(Bloomberg) -- The Federal Deposit Insurance Corp. is seeking to sell Signet, the real-time payments network for crypto companies operated by the now failed Signature Bank.

A spokesperson for the regulator confirmed the plan after the FDIC asked crypto depositors at Signature to close their accounts and move their money by April 5. 

New York Community Bancorp. assumed most of Signature Bank’s deposits and some of its loans earlier this month following its closure by regulators as turmoil engulfed regional banks. The deal excluded about $4 billion of deposits related to Signature’s digital-assets banking business, the FDIC said at the time. 

Signet had remained under the FDIC’s receivership following the NYCB deal. As questions swirled about the fate of the business, many crypto trading firms and platforms left or reduced their use of the Signet platform due to the uncertainty.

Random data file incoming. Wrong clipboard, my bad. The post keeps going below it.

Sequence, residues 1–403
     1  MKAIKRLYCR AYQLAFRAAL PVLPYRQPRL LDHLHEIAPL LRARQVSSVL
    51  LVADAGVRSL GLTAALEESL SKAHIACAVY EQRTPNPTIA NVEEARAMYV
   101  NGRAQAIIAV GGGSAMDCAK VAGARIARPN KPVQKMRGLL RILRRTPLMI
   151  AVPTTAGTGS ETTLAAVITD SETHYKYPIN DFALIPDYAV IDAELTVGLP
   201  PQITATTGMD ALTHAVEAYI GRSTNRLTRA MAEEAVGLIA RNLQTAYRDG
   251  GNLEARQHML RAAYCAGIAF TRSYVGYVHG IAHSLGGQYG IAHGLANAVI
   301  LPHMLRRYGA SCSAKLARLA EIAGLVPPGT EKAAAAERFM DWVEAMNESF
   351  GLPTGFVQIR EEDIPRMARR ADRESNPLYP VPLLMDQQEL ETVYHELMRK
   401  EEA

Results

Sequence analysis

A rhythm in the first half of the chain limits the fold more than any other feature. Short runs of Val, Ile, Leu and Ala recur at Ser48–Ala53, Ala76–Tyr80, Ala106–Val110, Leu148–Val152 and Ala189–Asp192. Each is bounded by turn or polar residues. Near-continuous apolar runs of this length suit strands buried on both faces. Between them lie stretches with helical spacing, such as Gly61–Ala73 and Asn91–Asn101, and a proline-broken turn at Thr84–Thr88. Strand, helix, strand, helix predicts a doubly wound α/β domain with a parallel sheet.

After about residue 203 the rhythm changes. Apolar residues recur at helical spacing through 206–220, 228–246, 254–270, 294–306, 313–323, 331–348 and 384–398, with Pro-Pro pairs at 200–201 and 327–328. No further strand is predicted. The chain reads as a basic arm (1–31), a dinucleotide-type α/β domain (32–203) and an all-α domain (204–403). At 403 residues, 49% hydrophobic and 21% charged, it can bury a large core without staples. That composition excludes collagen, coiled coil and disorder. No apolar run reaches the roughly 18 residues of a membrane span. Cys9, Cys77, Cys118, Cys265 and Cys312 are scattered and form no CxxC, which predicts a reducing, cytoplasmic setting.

The FDIC informed depositors on Tuesday that any accounts not closed by April 5 will be automatically shut and depositors will receive a check in the mail. 

“We are reaching out to the depositors from Signature whose deposits were not included in NYCB’s bid,” an FDIC spokesperson said then, confirming it pertained to digital-asset clients. 

The shuttering of Silvergate Capital Corp. and Signature Bank has made it difficult for crypto platforms and investors to transfer traditional currencies. US prosecutors were investigating Signature Bank’s work with crypto clients before the lender’s sudden collapse, Bloomberg has reported.

(Adds FDIC commentary on Signet sale from first paragraph.)

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